Steve Schwartzman

      September 19, 2014 at 8:10 AM

  6. Lens effect of water drops… The Sun was probably at the right angle to do a little burning…

    Joe Dorn

    September 19, 2014 at 8:11 AM

    • I thought about a lens effect, but I’m pretty sure that’s not what’s at work here because other pictures of the same flower taken at other angles show the circles in the same places on the petals.

      Steve Schwartzman

      September 19, 2014 at 1:53 PM

      • Notice also that there are some raindrops on the petals, but they’re not producing any of the little circles in the photograph.

        Steve Schwartzman

        September 19, 2014 at 1:57 PM

  7. I wonder if it’s a parasite that affected it when the petals were still closed? It looks like the circles could overlap when furled. Do you mind if I send the image to the Royal Horticultural Society to see if they’ve seen this before?

    Sarah Longes - Mirador Design

    September 19, 2014 at 11:24 AM

  8. Stunning shot. I love the colour. I have never seen circles like these before. 😀

    Raewyn's Photos

    September 19, 2014 at 3:17 PM

    • These wild petunias are a rich source of purple throughout the hot Texas summer.
      The little circles are not a normal part of out hot summers—at least I don’t think so.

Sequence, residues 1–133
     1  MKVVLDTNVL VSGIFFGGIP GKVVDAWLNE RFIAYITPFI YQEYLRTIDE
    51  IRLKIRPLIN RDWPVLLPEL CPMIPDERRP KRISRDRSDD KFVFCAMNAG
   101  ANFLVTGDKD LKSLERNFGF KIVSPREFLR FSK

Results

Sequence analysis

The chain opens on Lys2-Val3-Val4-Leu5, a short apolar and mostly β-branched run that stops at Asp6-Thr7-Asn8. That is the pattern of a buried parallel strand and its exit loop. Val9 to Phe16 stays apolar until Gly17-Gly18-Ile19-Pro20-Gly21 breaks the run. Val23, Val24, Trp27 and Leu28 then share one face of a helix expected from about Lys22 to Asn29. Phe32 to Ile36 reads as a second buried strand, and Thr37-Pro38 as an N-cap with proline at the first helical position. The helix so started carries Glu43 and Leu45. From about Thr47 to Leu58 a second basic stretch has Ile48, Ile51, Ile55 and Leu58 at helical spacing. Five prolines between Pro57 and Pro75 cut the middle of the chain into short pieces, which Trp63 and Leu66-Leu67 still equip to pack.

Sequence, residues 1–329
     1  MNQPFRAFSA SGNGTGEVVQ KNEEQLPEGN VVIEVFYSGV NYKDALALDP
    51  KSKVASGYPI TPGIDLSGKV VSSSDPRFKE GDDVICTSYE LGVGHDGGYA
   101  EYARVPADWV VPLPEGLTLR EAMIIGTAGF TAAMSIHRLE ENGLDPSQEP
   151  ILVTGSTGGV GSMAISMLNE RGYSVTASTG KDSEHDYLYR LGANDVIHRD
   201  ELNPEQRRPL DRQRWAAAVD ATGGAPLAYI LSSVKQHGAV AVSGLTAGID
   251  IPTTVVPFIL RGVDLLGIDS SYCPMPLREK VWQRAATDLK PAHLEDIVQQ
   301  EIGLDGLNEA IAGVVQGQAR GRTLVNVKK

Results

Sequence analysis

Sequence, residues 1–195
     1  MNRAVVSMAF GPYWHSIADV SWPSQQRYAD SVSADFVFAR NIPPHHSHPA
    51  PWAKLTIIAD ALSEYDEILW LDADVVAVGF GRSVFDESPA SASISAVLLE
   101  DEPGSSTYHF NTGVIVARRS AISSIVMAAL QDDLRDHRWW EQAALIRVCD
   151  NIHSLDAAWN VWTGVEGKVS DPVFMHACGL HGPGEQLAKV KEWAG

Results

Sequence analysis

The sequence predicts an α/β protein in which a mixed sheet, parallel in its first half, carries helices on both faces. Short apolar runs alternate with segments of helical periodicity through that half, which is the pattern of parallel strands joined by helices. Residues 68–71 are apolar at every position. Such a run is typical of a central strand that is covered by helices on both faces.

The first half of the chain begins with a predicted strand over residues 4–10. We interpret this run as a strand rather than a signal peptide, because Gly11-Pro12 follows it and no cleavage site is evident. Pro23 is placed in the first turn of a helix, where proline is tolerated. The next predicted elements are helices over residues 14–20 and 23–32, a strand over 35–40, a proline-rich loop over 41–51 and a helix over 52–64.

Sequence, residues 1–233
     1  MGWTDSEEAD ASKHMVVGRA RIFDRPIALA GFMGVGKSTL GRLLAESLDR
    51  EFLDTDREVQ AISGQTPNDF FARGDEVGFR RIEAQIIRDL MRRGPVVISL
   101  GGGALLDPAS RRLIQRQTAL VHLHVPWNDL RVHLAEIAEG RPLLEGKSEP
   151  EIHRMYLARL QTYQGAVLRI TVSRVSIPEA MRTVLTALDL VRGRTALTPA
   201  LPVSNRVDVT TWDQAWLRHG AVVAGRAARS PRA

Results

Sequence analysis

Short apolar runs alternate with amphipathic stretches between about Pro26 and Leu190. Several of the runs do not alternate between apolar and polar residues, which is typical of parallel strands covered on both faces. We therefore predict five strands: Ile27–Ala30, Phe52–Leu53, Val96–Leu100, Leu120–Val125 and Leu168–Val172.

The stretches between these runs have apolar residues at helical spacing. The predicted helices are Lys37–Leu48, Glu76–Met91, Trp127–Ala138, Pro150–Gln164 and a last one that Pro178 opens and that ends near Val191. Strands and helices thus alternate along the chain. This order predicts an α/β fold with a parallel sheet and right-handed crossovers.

Steve Schwartzman

      September 19, 2014 at 4:34 PM

  9. I don’t have an answer, but I have a clue. The word is “halos.” There are fungal halos, and chlorotic halos, and halos on petunias that apparently are caused by a virus. They seem to be most common on leaves. It seems the infection (or whatever) takes hold at a certain point, and the halo is formed as the disease moves outward as a ring. My guess is that’s what’s happened here.


    September 19, 2014 at 5:47 PM

  10. What a beautiful post to end this Friday.

    Charlie@Seattle Trekker

    September 19, 2014 at 11:37 PM

    • And to end it with a mystery, as well as a reminder of the song “May the circle be unbroken.”

      Steve Schwartzman

      September 20, 2014 at 6:43 AM

  11. I had the same thought as Andrée and also follow what David is saying about fairy rings. But most of the fairy rings I have seen are not circular…at least not a regular circle. I also like Linda’s research results. I think we may have to sacrifice a petal or two to science.

    Steve Gingold

    September 20, 2014 at 6:30 PM

    • Would that I could get in my time machine to go back and pluck one of those petals for science.

      Steve Schwartzman

      September 20, 2014 at 9:29 PM